You will reinvest your proceeds from the sale to the ESOP in qualified replacement property. Qualified replacement property means any securities issued by publicly traded or closely held domestic corporations with more than 50 percent of their assets used in an active trade or business during the 15-month period that begins before the sale to the ESOP, and whose passive investment income doesn’t exceed 25 percent of gross receipts for the preceding year.

Municipal bonds, certificates of deposit (CDs), mutual funds, or U.S. Treasury securities are not considered eligible reinvestment vehicles. You must reinvest within a 15-month period that begins 3 months before the sale to the ESOP and ends 12 months after the sale.

The ESOP must own at least 30 percent of the company immediately after the sale.

For the 12 months preceding the sale to the ESOP, the company that established the ESOP did not have any class of stock that was readily tradable on an established securities market.

Stock bought by the ESOP may not be allocated to the seller or certain members of the seller’s family, or to any shareholder of the company establishing the ESOP who owns more than 25 percent of any class of company stock. If this is violated, the company would be subject to a 50 percent excise tax, and the person receiving the allocation would also be subject to tax consequences.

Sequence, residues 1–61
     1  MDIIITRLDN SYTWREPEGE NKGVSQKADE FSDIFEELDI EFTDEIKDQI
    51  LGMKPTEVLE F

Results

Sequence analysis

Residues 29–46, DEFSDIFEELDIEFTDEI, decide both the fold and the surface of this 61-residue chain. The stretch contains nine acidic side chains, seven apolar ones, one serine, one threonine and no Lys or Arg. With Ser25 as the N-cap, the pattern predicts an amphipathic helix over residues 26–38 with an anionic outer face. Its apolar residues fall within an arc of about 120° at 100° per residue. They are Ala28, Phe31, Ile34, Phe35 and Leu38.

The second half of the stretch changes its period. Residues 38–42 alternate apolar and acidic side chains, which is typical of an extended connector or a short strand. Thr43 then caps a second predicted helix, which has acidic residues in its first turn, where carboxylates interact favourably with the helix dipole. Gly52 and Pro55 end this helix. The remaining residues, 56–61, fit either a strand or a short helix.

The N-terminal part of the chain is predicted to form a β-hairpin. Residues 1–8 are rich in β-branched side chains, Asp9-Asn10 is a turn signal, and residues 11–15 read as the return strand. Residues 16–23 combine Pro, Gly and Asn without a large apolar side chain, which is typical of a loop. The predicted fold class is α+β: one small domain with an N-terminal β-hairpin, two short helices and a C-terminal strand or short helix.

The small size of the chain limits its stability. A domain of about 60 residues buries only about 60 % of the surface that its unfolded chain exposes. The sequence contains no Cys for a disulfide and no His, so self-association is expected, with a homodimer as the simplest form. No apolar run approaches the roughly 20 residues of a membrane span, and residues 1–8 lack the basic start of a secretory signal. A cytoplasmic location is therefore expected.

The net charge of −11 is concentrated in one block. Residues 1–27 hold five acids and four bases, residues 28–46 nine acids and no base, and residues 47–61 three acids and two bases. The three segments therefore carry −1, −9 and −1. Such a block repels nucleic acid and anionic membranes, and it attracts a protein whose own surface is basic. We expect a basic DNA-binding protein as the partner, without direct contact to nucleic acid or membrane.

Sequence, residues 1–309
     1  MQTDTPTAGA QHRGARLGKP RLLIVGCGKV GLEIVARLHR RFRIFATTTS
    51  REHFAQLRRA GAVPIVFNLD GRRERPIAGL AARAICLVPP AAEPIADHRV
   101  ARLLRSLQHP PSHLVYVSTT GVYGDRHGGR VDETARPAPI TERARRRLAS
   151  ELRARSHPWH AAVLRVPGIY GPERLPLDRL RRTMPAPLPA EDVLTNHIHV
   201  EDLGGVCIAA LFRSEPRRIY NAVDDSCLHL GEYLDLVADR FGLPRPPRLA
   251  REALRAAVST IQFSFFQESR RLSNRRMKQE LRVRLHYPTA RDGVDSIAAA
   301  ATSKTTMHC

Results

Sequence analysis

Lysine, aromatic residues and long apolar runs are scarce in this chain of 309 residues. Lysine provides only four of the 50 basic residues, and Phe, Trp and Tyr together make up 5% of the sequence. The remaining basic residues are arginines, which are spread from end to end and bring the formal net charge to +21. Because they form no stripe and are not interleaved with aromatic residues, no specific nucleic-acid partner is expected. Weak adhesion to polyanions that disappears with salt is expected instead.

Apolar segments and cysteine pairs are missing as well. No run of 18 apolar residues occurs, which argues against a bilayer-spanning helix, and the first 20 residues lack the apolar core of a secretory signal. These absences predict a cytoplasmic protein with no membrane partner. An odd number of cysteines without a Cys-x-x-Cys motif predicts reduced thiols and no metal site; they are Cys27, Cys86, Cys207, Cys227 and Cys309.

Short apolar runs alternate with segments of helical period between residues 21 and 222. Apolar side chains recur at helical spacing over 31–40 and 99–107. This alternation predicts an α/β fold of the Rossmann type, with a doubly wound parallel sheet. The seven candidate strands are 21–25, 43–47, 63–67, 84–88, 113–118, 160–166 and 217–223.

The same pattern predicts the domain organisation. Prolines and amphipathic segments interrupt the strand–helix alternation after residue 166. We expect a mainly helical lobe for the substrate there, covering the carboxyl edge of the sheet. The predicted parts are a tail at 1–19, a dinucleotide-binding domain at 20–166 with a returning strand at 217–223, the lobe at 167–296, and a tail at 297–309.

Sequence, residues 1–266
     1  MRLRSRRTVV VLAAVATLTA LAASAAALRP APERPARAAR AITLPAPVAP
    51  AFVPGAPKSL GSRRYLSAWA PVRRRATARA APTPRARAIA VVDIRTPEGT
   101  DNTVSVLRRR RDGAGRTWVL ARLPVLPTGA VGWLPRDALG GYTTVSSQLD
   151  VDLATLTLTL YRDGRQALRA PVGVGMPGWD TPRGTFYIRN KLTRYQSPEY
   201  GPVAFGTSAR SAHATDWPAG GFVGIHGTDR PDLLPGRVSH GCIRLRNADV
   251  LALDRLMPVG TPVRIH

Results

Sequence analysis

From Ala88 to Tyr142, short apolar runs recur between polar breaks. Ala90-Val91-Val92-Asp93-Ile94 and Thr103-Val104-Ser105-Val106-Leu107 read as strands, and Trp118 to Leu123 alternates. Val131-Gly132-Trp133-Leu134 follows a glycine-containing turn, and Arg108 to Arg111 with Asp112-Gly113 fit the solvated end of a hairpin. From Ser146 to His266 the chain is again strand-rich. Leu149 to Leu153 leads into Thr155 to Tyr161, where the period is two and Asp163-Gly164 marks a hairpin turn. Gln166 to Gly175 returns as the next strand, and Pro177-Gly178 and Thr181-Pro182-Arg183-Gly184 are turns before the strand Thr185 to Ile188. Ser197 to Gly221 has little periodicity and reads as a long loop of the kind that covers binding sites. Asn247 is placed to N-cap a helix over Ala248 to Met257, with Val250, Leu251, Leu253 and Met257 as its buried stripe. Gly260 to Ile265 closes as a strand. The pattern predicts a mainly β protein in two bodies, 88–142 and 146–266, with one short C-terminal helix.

An election statement must be filed with the Internal Revenue Service.

If you would like to discuss in more detail how an ESOP might benefit you, or need assistance with any Exit Planning issue, please feel free to contact us.

Article presented by Paul Honeycutt, CFP® Practitioner, and Ronald Smith, CLU®, ChFC® who are Registered Representatives and Investment Adviser Representatives with/and offering securities and advisory services through Commonwealth Financial Network®, member FINRA/SIPC, a Registered Investment Adviser. They also are Investment Adviser Representatives of H.S. Financial, Inc., a Registered Investment Adviser. Advisory services offered by H.S. Financial, Inc. and fixed insurance products and services offered by Honeycutt Smith & Associates are separate and unrelated to Commonwealth. Prepared by Broadridge Investor Communication Solutions, Inc © 2014.


Paul E. Honeycutt, CFP & Ronald F. Smith, CLU, ChFC
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Posted In: Management